That particular property is actually a flat but yes, you're not far off the rental value. I would say it's nearer £2.5k for this house, at least that is what I would think reasonable. Your opinion on £450k ties in with what I was originally thinking, perhaps a little low because there are some great schools nearby and lots of families pay a slight increase because of that. It's actually what I'm thinking as my son will be the right age in a couple of years. If we said that the value will drop to between £450k and £475k then offering early 500s wouldn't be terrible if one were to stay in the long term. Would you agree? Perhaps I ought to wait it out for another year and see what happens. I don't suppose I'm losing all that much, I just hate paying someone else £2.5k to rent their house :)

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http://www.prospects.ac.uk/cms/ShowPage/Ho..._/p!eaLXbeX

Average (official figures) grad salary 2006 was £18,000. Currently claimed to be £22K plus. Also see qualifying factors related to location etc in link above.

Reality is that employers are offering 14K -20K routinely outside London. Often little more in London, excluding financial world. I have two sons, Warwick Ist BA, MA, and Bristol Ist BA, MA - and both were offered well under £20K in their first jobs (London, Brighton, Manchester).

Sure, a receptionist can earn more than a graduate. It's getting to be a difficult marketplace for grads, good uni's or not.

That's actually terrible, something has gone seriously wrong, unless your sons were looking for a very specific vocational career then the advice they received was bad and someone should be talked to in very strong terms. A first from Bristol and Warwick and a starting of under £20k in London? That's incredible. My sister in law started on £45k and she got a 2:1 from a trad red brick. We wouldn't dream of employing someone at less than £30k. Competition is too high. You can walk into McKinsey on £45k. Heck my brother just started a new job at Pet City or some big pet place and he's never got a qualification in his life. He's on £26k and that's in Basingstoke!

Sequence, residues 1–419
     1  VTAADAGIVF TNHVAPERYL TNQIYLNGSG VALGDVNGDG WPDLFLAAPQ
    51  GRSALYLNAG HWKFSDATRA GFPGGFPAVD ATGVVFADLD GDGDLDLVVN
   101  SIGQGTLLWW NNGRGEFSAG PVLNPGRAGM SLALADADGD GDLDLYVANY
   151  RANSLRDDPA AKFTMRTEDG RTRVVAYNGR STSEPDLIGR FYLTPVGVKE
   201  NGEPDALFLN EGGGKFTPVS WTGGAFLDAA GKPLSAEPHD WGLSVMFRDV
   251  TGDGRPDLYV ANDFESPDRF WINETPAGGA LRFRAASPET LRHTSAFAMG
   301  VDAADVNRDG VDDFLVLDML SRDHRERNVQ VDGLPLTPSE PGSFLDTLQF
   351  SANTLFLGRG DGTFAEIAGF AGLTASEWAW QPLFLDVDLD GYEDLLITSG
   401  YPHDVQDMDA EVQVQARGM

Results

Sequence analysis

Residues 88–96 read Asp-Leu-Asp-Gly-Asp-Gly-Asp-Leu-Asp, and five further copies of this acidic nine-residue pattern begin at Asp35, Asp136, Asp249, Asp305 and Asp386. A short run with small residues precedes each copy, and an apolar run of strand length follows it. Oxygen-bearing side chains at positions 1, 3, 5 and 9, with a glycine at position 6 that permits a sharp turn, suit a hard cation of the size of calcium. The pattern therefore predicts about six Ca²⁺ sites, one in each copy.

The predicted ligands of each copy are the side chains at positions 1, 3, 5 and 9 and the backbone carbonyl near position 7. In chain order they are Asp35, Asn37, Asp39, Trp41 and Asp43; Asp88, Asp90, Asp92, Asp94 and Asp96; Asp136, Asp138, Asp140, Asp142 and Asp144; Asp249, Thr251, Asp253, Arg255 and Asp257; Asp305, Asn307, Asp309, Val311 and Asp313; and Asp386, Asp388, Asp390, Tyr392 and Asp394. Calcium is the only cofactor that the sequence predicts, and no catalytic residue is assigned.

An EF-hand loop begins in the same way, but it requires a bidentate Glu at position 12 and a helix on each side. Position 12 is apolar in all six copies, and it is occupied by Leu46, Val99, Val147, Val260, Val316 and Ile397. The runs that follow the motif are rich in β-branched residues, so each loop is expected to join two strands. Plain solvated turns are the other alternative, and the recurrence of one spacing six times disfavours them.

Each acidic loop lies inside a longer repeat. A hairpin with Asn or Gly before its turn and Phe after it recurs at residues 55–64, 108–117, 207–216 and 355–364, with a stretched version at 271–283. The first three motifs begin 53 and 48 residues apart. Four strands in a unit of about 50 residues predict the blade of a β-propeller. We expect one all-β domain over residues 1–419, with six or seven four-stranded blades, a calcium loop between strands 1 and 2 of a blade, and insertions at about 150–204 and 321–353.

The figures I see banded about re. grad salaries is usually nonsense. It tends to include the thousands of grads that did sociology or American studies at the University of West Ealing :)

Edited by schuey100
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I'm interested in purchasing this place:

http://www.rightmove.co.uk/viewdetails-18737575.rsp

Assuming you are renting, would like to buy a new house and have the deposit you need, what kind of price drop would you need to see to make this a worthwhile purchase? Would a 10% drop make you feel happy about buying and not getting into trouble at a later stage? Or 20%? Maybe only 5%? I'm thinking that an offer of £520k in the current climate would be fair but am interested in what others think. Am I being a bit ambitious at thinking about such a drop?

I was looking thinking £260K thinking Kensal Rise in London (and just my take on the value of a quite nice house, my brain is still pre-bubble) and then saw Wimbeldon, 300K ... and then saw the price!

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That's actually terrible, something has gone seriously wrong, unless your sons were looking for a very specific vocational career then the advice they received was bad and someone should be talked to in very strong terms. A first from Bristol and Warwick and a starting of under £20k in London? That's incredible. My sister in law started on £45k and she got a 2:1 from a trad red brick. We wouldn't dream of employing someone at less than £30k. Competition is too high. You can walk into McKinsey on £45k. Heck my brother just started a new job at Pet City or some big pet place and he's never got a qualification in his life. He's on £26k and that's in Basingstoke!